All surveyed households and their members are included in our estimates of Gini and Atkinson coefficients, percentile ratios, and poverty lines. Poverty lines are calculated based on the total population. Those lines are then used to calculate poverty rates among subgroups (children and the elderly). Thus, when calculating poverty rates, the subgroups vary, but the poverty lines remain constant within any given dataset.
Throughout the Key Figures, we use equivalised income. For the Inequality and Poverty Key Figures, equivalised income is equal to unadjusted household income (DHI) divided by the square root of the number of household members (NHHMEM)
(Equivalised Income = DHI/√NHHMEM). All members of a given household have the same equivalent income, regardless of age, gender, or relationship to the household head.
We use person-level adjusted weights when generating income indicators for the total population (HWGT*NHHMEM) . When computing the poverty rate among children, we construct a child weight by multiplying the household weight by the number of household members under the age of eighteen (HWGT*NHHMEM17). When computing the rate of poverty among the elderly, an elderly weight is constructed using the number of household members aged 65 and older ((HWGT*NHHMEM65).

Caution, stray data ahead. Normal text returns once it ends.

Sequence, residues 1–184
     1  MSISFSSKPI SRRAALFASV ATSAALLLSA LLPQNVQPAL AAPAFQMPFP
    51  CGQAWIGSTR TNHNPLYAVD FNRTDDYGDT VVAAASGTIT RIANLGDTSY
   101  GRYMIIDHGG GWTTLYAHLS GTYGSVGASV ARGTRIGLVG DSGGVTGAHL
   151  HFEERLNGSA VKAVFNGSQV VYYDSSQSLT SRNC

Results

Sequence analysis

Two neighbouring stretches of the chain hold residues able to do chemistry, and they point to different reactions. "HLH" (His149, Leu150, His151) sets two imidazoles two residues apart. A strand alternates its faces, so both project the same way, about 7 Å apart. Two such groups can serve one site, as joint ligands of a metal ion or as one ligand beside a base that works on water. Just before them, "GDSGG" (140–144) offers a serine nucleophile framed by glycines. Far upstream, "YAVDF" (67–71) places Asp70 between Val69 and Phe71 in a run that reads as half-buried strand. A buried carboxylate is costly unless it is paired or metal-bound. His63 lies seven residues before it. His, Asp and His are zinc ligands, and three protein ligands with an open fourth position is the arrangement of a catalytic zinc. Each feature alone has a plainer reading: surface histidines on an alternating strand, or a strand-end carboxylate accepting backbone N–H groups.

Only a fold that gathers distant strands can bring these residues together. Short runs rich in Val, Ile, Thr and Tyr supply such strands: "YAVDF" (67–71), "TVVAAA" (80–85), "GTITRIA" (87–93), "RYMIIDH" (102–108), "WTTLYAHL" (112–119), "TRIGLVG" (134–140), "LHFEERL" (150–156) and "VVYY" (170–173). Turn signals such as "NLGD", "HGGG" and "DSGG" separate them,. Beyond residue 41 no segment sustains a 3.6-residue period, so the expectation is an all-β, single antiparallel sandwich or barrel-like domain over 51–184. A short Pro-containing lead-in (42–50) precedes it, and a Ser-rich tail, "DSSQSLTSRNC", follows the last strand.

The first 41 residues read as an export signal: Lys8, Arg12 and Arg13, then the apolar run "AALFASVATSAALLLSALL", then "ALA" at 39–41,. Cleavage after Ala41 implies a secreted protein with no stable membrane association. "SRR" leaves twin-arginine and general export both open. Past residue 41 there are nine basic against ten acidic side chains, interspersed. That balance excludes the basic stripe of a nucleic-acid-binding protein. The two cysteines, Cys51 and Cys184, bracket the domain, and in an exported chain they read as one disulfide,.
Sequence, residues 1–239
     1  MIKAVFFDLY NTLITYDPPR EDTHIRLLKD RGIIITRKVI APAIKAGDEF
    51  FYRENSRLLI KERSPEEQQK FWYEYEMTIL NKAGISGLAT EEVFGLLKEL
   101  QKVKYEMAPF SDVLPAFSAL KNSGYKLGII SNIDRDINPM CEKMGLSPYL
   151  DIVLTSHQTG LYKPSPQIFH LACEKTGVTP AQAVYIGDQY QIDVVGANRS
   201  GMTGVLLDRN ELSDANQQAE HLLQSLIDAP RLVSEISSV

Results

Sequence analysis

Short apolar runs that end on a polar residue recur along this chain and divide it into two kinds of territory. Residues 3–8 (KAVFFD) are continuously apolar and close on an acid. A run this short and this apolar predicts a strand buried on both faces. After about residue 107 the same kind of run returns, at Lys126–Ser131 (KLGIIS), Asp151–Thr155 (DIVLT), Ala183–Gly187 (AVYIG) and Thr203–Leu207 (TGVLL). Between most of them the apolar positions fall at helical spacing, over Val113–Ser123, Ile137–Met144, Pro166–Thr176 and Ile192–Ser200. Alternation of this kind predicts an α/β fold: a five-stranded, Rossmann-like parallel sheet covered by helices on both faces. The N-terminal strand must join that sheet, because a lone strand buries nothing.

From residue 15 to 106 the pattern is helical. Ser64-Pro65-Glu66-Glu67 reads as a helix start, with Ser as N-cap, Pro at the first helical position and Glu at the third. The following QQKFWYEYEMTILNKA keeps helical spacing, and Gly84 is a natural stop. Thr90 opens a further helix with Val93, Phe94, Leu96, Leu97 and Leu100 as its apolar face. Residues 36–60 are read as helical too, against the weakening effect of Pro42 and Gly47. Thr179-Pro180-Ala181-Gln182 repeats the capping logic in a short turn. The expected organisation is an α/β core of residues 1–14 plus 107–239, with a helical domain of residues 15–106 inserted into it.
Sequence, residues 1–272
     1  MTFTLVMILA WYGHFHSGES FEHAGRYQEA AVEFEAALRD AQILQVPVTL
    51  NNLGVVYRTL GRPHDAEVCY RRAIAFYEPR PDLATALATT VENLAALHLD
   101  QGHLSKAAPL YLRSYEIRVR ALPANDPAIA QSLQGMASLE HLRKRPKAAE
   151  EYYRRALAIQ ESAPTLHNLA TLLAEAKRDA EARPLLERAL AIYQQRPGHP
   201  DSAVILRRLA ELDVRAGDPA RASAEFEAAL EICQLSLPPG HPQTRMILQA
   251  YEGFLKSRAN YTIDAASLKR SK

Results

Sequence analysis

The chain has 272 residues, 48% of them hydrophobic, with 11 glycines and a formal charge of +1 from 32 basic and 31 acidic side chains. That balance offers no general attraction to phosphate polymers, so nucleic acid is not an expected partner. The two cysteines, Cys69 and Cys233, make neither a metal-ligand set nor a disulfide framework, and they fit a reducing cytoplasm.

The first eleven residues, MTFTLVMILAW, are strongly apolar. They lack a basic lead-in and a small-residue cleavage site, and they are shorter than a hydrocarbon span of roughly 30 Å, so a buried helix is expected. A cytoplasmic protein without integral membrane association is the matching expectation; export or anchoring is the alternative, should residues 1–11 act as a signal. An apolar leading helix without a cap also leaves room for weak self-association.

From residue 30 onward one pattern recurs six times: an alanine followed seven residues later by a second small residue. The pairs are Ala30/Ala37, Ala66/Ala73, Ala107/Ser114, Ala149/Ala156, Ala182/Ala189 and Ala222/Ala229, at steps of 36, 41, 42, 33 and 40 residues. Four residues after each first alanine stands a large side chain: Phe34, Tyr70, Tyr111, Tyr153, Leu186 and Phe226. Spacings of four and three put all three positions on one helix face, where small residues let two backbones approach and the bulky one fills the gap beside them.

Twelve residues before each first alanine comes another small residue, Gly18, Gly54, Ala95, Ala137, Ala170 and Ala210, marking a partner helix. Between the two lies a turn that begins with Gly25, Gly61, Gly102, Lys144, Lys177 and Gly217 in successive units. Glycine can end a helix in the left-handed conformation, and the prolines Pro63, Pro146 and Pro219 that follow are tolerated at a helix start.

Bottom- and Top-Coding
Although LIS does not apply bottom- or top-coding to the microdatasets themselves, we bottom-and top-code income when creating the Key Figures. Data are bottom-coded at 1% of equivalised mean income and top-coded at 10 times the median of non-equivalised income.
Missing Values and Zero Incomes
All households where disposable income (DHI) is missing or exactly equal to zero are excluded.
Treatment of Currency
Note that, in the Key Figures, median and mean equivalised income are expressed in the units of national currency that were in use at the time of data collection.